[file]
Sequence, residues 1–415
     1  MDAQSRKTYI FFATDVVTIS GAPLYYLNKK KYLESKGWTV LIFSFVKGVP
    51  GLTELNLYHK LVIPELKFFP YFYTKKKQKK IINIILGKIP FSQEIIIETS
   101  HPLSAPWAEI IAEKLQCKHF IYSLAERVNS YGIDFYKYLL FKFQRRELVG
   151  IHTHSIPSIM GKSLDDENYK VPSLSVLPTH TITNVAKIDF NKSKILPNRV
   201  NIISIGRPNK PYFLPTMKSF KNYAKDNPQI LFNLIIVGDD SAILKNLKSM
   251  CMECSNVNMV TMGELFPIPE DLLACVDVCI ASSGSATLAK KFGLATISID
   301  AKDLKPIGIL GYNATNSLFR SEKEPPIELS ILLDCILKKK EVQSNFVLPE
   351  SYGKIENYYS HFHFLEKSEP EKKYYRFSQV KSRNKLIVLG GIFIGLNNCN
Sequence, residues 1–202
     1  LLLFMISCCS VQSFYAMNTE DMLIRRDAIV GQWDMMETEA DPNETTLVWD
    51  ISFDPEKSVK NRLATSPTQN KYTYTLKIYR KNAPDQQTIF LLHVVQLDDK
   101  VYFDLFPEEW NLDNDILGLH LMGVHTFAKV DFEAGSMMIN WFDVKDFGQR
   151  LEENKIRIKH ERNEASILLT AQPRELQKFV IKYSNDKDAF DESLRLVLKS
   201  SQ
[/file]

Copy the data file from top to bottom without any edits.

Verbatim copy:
Sequence, residues 1–415
     1  MDAQSRKTYI FFATDVVTIS GAPLYYLNKK KYLESKGWTV LIFSFVKGVP
    51  GLTELNLYHK LVIPELKFFP YFYTKKKQKK IINIILGKIP FSQEIIIETS
   101  HPLSAPWAEI IAEKLQCKHF IYSLAERVNS YGIDFYKYLL FKFQRRELVG
   151  IHTHSIPSIM GKSLDDENYK VPSLSVLPTH TITNVAKIDF NKSKILPNRV
   201  NIISIGRPNK PYFLPTMKSF KNYAKDNPQI LFNLIIVGDD SAILKNLKSM
   251  CMECSNVNMV TMGELFPIPE DLLACVDVCI ASSGSATLAK KFGLATISID
   301  AKDLKPIGIL GYNATNSLFR SEKEPPIELS ILLDCILKKK EVQSNFVLPE
   351  SYGKIENYYS HFHFLEKSEP EKKYYRFSQV KSRNKLIVLG GIFIGLNNCN
Sequence, residues 1–202
     1  LLLFMISCCS VQSFYAMNTE DMLIRRDAIV GQWDMMETEA DPNETTLVWD
    51  ISFDPEKSVK NRLATSPTQN KYTYTLKIYR KNAPDQQTIF LLHVVQLDDK
   101  VYFDLFPEEW NLDNDILGLH LMGVHTFAKV DFEAGSMMIN WFDVKDFGQR
   151  LEENKIRIKH ERNEASILLT AQPRELQKFV IKYSNDKDAF DESLRLVLKS
   201  SQ